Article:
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A Personal History – Lehan Ramsay

A Personal History – Excerpt Only


“What must be taken into account when reading accounts of history is that histories are the creations of writers, rather than re-creations of the past.”


“(experimental art)……privileges idea above image, discussion above rhetoric and is antagonistic to the investment art market and the commodification of art. “


My art practice began in Brisbane in a time of great expansion and experimentation, and much as I’ve struggled to separate myself from Brisbane, both physically and emotionally, I must acknowledge it’s influence on my life and art practice. When I speak of my art practice from 1985 until now, I feel that it is important to place it also into the context of my poiitical and infrastructural practices as well. While I do not consider my work to be of a radical nature, it’s earliest influences were of a radical nature, and this has influenced not only the work that I produce, but also the manner in which it is produced.


Contemporary Art in Brisbane in the early 80’s was an extremely marginalized practice in a politically conservative and isolated State. A National Party Government headed by a despotic and corrupt Premier ruling for 19 years with a heavy hand meant that there was plenty to resist, but few means with which to do so…..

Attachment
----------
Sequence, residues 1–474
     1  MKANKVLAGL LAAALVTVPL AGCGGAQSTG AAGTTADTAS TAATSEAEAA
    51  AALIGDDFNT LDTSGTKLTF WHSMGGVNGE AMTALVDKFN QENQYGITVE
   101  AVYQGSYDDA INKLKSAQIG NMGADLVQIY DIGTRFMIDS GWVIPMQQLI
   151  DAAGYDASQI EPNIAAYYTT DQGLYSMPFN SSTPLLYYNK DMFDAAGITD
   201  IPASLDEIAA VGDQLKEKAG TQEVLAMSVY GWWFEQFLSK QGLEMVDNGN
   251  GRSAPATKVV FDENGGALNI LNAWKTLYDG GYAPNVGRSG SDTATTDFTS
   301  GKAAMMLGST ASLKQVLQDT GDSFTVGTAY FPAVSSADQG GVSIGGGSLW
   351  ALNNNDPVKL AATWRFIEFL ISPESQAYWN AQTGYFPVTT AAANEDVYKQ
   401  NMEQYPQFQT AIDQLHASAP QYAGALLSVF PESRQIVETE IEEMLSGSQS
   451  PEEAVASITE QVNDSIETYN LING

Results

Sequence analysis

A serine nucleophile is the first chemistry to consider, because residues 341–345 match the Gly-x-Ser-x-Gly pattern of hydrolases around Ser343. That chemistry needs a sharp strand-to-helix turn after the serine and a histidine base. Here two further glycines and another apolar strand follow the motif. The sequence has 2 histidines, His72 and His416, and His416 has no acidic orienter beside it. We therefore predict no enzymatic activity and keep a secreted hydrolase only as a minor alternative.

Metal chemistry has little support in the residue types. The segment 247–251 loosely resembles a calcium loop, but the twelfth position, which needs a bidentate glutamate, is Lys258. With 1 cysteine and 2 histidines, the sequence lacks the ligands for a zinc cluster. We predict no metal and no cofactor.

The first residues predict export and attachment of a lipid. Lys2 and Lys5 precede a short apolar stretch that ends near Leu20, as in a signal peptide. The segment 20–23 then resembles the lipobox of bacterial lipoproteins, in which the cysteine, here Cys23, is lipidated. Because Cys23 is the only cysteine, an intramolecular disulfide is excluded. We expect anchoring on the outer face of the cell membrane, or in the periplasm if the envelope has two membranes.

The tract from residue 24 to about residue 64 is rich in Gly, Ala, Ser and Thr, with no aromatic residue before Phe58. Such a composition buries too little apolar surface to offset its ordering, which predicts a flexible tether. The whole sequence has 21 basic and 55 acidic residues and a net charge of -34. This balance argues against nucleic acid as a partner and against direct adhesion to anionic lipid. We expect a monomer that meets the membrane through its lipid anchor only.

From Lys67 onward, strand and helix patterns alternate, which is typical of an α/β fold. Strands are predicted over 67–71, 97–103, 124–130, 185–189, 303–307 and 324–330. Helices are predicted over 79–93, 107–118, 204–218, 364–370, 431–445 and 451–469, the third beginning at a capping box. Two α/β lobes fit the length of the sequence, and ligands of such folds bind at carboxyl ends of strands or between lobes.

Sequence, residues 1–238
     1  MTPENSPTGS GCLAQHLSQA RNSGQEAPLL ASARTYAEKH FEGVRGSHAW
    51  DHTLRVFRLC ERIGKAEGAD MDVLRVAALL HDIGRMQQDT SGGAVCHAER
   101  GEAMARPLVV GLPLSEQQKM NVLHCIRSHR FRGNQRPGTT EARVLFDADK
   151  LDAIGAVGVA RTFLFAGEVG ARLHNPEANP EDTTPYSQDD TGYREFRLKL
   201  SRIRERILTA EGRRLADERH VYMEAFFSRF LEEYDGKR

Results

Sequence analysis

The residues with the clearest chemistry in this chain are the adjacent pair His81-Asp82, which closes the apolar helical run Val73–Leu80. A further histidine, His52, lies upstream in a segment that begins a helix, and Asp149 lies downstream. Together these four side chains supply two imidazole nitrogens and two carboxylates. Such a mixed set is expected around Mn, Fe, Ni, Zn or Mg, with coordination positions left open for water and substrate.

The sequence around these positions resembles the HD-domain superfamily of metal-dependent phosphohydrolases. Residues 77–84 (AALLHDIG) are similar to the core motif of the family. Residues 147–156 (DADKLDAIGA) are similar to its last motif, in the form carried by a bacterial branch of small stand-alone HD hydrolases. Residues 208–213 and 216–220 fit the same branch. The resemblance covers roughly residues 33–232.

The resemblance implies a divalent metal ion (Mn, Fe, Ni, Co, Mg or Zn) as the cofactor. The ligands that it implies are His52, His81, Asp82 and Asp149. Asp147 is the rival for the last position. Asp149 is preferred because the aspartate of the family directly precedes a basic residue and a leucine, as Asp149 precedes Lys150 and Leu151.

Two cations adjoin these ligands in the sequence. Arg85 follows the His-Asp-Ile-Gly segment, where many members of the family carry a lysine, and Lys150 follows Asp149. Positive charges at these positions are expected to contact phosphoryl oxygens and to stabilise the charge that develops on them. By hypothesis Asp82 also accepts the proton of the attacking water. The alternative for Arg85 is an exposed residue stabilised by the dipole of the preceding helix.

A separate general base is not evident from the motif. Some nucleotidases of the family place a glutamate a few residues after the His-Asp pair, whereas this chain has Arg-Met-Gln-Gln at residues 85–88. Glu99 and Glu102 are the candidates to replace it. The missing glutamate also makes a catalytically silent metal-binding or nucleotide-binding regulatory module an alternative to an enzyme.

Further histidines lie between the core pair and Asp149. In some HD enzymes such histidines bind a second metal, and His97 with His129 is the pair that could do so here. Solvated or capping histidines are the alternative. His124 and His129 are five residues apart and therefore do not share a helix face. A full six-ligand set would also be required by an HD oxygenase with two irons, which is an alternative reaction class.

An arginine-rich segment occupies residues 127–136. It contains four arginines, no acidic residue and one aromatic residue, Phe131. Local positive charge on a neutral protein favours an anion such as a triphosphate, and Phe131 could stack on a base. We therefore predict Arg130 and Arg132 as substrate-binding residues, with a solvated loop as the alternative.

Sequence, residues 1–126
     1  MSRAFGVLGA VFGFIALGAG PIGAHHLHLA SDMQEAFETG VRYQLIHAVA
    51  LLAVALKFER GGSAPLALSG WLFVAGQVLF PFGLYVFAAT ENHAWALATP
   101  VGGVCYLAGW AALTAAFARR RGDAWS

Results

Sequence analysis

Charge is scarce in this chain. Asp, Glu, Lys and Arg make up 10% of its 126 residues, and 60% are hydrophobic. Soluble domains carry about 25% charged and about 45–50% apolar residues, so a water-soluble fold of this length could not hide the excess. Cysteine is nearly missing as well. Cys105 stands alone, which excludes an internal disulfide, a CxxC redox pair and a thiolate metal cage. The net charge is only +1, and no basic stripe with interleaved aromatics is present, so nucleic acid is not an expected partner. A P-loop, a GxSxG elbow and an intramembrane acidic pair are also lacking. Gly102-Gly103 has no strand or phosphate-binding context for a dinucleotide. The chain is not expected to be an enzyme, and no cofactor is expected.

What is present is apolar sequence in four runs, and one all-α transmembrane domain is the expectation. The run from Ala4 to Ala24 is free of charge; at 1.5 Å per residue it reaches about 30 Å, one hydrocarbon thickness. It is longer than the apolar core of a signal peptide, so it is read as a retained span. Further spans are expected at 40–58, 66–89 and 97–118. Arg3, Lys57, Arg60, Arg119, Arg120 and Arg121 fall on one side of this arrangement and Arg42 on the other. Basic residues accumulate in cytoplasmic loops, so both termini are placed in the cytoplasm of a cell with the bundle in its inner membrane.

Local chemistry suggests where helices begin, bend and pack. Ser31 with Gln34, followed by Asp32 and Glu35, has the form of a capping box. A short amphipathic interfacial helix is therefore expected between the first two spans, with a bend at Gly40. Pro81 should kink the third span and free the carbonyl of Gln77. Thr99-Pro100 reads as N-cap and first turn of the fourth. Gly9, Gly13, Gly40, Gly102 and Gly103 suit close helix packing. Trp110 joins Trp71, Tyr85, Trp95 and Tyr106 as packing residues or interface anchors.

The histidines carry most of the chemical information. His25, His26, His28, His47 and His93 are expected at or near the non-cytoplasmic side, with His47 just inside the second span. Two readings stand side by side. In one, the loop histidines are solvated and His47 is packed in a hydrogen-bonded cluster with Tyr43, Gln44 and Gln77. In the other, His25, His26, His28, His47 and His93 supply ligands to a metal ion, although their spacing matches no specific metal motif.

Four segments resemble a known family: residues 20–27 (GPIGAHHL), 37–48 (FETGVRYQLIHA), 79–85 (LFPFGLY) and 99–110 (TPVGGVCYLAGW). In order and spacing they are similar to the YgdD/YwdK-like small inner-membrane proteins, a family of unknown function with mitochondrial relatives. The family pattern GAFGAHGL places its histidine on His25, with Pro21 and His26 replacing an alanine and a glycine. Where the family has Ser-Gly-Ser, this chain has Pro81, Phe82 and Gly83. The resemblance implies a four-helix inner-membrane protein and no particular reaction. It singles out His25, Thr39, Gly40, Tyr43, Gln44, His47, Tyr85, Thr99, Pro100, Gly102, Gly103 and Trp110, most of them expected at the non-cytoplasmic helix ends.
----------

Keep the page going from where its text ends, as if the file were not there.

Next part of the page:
By the time I graduated from Art College, in 1984, Artist Collectives and Artist-Run Spaces had begun to form, and to generate quite a lot of excitement amongst a small circle of young artists, performers and musicians. Artists such as Luke Roberts, Jeanelle Hurst, Gary Warner, Adam Boyd, Barbara Campbell, Brian Doherty, Michelle Andringa, Peter Anderson, to name a few, were involved in a variety of projects; artist run spaces, magazines, performances, exhibitions.

In 1985, a new Artist Run Space opened; That Space run by Paul Andrew, it differed from the earlier models in that it was more administrated, less chaotic. Paul’s stated goal for That Space was “to train artists in the business concerns of a professional art practice”4 and he worked to create a centre for artists to network, to gather information and help and stimulation.

Inspired by the dynamic activity that we could see, three women; Anna Zsoldos, Robyn Gray and myself, with the help of many people, in 1985 and opened our own space, The a gallery whose focus was photographic based contemporary art. The Observatory ran until the end of 1986, when the building was demolished, but by then others had sprung up, and the community had focused much of it’s energy on starting up the Queensland Artworker’s Alliance and Eyeline Magazine. The final exhibition at The Observatory, ” The Demolition Show”, was a group show highlighting the destruction of the Brisbane’s inner city area and the subsequent lack of spaces in which artists could affordably work.”

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